I’m happy to have won 2nd place in FotoweekDC’s 2013 International Awards Competition, Contemporary Life category, for my recent work from Tallinn, Estonia.

The work itself was a long time coming - but a very short time in the making!

I’ve been shooting in Eastern Europe since 1998 for my project East, and I’d been considering how to put a bow on things. I thought about various countries’ transitions over the long term, and realized - where does it end? Does it end? When can a country finally stop being referred to as post-Soviet, post-communist, former Yugoslavia? What happens when Country 2.0 ‘arrives’? Ding, transition complete, please remove from microwave.

I decided Tallinn might be an example of what post-post-Soviet looked and felt like. Estonia moved early, quickly, and aggressively to get out from under the shadow of the Soviet era. Over the summer I was in Finland for a month-long residency, so at the very end of my stay I hopped on the short ferry from Helsinki to Tallinn.

I only had two days, which is absurdly short if your goal is even limited insight into a place. So I kept things as simple as possible, barely set foot in the beautiful old town, and worked only in the bustling new business districts. That seemed to be where I could at least capture an impressionistic sense of the new landscape, and explore the question of whether the past is actually fully past.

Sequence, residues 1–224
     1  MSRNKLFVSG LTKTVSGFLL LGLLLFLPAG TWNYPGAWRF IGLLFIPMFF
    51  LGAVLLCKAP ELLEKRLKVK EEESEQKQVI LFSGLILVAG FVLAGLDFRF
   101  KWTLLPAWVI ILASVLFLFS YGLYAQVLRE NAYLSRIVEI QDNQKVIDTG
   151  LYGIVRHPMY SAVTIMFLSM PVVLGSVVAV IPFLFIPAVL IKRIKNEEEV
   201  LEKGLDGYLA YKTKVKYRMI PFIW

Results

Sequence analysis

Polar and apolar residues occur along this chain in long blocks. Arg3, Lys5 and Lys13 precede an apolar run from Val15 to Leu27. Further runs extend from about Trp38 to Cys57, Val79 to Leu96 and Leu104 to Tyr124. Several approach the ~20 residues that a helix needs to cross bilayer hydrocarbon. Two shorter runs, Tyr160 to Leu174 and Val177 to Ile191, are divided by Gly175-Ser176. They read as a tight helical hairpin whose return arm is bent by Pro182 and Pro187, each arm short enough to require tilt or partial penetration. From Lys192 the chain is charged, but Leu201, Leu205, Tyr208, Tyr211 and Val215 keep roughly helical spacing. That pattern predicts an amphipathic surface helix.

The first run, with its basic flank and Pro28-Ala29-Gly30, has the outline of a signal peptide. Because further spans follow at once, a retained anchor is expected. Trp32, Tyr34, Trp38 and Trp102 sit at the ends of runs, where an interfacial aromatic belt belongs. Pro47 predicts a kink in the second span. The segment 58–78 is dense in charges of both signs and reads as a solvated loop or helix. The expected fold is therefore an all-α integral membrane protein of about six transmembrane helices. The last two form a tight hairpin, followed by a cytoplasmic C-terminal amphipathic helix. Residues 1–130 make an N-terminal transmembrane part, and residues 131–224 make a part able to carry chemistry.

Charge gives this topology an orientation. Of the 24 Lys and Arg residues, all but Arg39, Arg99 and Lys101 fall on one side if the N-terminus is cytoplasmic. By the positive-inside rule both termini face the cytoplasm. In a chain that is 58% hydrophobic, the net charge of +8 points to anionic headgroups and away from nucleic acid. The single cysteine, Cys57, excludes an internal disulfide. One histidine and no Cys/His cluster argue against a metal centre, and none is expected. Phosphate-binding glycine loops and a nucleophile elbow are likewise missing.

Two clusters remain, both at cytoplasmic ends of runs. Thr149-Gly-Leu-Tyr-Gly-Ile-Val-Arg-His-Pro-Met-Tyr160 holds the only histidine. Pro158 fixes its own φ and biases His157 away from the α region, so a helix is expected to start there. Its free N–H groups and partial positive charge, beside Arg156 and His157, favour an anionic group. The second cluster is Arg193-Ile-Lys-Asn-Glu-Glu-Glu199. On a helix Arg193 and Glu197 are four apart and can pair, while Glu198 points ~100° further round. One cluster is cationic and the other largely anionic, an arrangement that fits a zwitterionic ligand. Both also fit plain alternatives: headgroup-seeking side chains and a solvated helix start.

The first view at the ferry port was a bit ominous. In front of you looms the massive, moldering Linnahall event center from the Soviet days. The city has no idea how to get rid of it. You climb long steps to get up and over the squat mass of concrete and proceed across a vast weedy plaza, Tallinn’s modern office buildings on the horizon.

These pictures are simply fragmented impressions, which is all I really set out to capture. I wouldn’t try to pass too much judgment from such a short visit. Walking and biking around, I did find the city vibrant and interesting, even in the areas with some pleasantly ragged edges. It feels more dynamic than sleepy Vilnius and more self-confident than I remember Riga in the 90s. In a strange way it reminded me of a mini-Berlin, in the sense that you can feel how yes, the pieces somehow feel all in place, but perhaps only recently, and you’re aware of the gaps.

I’d love to spend more time there. I learned a lot from my kind and urbane hosts Aleksei and Katrin about not just the history but the current mentality of Estonians. Locals may have psychologically moved on since the breakup of the Soviet Union, and may even scoff at the question of whether they are still 'post-Soviet’. And young people have no memory of that time. But to me a bit of vapor lingers in the crevices. Not necessarily Soviet vapor. Just a sense of the long arc of history still playing out. Just across the Baltic, Helsinki is a Nordic urban wonder but feels a bit staid at times, like fully settled business. Tallinn is a more tumultuous organism, still mutating. Definitely post-post-Soviet, but not quite done yet.